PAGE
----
Halloween can be the spookiest night of the year, but keeping your pets safe doesn’t have to be tricky. Take these simple, common sense precautions to keep your pet happy and healthy through the festivities!
Obesity has become as serious of a problem in our pets as it is in the human population. Most pet owners don’t even realize their pets are overweight.
Walking has many benefits for both humans and dogs.
This Month: Adopt A (Shelter) Dog, October Special Offers, Animal Safety and Prevention, Veterinary Technician Appreciation, Halloween Risks, and more!
August 22nd is Take Your Cat To The Vet Day. The purpose of this day is to remind cat owners of the importance of preventative care and to encourage them to schedule an appointment with their veterinarian.
Microchips greatly increase the chances that pets will be reuinted with their families if they are lost or stolen…but a microchip only works if its registration information is accurate.
Today we remind pet owners to have their pets microchipped and to keep the registration information up-to-date.
Stop by a local veterinary hospital or animal shelter to have your pet scanned for a microchip. Once you’ve verified the microchip number, check the registration information in the microchip manufacturer’s database, and make sure it’s up-to-date.
If your pet isn’t microchipped, call your veterinarian today to schedule an appointment to do so (then make sure that your pet’s chip is immediately registered).
Cat Training – Pet Carrier Many cats disappear at the sight of their cat carrier. Even if the owner is able to get them into it, the cat often makes it quite clear it is not finding the experience pleasant. Difficulty getting cats into their carriers can result in owner reluctance to visit the vet…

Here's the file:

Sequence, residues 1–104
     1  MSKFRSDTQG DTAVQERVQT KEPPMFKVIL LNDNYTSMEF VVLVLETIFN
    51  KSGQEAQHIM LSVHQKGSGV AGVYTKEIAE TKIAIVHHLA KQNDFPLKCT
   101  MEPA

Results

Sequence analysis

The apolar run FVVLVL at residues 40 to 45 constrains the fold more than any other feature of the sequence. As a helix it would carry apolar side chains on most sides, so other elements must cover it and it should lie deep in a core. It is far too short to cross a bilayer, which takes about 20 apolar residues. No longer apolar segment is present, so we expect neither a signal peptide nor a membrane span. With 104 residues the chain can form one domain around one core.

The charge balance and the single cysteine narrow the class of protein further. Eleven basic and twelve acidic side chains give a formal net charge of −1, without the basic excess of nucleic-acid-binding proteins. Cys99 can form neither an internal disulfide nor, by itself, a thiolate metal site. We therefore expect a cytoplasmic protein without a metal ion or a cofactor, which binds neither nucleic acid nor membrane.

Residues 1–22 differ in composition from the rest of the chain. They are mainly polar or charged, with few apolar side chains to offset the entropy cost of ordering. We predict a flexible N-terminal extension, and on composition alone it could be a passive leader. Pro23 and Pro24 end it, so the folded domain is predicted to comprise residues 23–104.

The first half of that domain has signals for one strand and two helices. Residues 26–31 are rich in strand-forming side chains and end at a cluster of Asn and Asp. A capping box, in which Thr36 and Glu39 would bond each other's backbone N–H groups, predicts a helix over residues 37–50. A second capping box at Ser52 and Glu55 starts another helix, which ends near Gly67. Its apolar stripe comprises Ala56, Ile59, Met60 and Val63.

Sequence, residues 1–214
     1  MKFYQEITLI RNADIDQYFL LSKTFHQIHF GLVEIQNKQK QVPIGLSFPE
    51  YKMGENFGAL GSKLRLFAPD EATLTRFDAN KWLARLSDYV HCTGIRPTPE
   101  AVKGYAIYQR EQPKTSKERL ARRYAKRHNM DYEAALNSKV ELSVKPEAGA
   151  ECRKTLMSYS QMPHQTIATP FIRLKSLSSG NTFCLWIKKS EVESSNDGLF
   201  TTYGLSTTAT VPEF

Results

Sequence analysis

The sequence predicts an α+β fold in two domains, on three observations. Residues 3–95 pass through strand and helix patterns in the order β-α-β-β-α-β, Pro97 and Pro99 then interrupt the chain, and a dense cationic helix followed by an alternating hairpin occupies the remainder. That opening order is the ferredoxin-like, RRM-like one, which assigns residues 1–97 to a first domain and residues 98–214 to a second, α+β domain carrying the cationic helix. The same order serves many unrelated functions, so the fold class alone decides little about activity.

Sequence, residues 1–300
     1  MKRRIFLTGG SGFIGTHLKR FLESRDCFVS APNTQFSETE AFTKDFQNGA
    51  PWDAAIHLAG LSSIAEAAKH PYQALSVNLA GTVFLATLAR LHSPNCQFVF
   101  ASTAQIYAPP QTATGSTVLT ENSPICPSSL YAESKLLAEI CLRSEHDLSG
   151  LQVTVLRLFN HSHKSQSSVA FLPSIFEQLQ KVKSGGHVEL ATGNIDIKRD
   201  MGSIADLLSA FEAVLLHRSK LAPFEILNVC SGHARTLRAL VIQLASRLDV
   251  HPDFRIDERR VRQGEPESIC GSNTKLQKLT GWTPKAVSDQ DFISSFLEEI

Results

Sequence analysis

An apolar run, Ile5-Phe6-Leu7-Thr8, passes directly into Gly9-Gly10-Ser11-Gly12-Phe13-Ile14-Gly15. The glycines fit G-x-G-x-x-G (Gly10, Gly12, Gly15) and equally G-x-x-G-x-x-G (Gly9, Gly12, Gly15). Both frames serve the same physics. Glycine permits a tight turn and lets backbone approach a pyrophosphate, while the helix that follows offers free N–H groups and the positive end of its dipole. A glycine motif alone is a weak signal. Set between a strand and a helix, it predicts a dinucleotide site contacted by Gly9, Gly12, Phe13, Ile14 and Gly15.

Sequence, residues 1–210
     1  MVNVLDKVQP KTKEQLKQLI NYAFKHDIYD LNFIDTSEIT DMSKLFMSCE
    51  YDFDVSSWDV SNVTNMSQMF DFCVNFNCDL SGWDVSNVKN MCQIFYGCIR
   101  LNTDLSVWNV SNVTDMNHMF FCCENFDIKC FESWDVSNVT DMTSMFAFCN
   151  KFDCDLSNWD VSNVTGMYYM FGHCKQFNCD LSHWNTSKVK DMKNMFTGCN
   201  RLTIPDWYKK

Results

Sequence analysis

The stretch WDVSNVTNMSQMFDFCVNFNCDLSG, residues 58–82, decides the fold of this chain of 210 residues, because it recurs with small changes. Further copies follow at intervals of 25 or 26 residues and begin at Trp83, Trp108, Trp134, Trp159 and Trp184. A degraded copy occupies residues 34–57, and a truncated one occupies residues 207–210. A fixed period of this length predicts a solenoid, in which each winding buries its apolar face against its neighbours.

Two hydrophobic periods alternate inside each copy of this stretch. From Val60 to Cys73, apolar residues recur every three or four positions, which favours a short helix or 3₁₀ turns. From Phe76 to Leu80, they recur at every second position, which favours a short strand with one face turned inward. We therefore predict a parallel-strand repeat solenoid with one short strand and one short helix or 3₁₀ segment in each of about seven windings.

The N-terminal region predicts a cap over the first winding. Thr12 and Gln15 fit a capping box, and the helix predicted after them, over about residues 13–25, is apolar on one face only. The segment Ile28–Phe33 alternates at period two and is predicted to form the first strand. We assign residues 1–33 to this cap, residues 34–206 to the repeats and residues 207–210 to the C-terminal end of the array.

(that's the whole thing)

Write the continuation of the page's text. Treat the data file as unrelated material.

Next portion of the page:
If you have kids heading back to school, be sure to “paws” somewhere in between choreographing school pickups and drop-offs and stocking up on school supplies to consider how this new schedule will affect your pets. After an entire summer of basking in your kids’ presence and enjoying extended family time, suddenly leaving your dog…
LEPTOSPIROSIS is a disease caused by infection with Leptospira bacteria. These bacteria can be found worldwide in soil and water
From nips to bites to actual attacks, dog bites are a serious problem. Dog bite victims requiring medical attention in the United States number approximately 800,000 annually; at least half of them are children. Countless more bite injuries go untreated. Fortunately, there are steps we can take to address this problem.
What is heartworm disease? Heartworm disease is a serious and potentially fatal disease in pets in the United States and many other parts of the world. It is caused by worms (heartworms) that live in the heart, lungs and associated blood vessels of affected pets, causing severe lung disease, heart failure and damage to other…
What is diabetes? Diabetes mellitus, the medical name for diabetes, is a disease caused by a lack of insulin that affects the level of glucose, or sugar, in your dog or cat’s blood. The glucose comes from the food that your pet eats. The food is broken down into very small components by the digestive…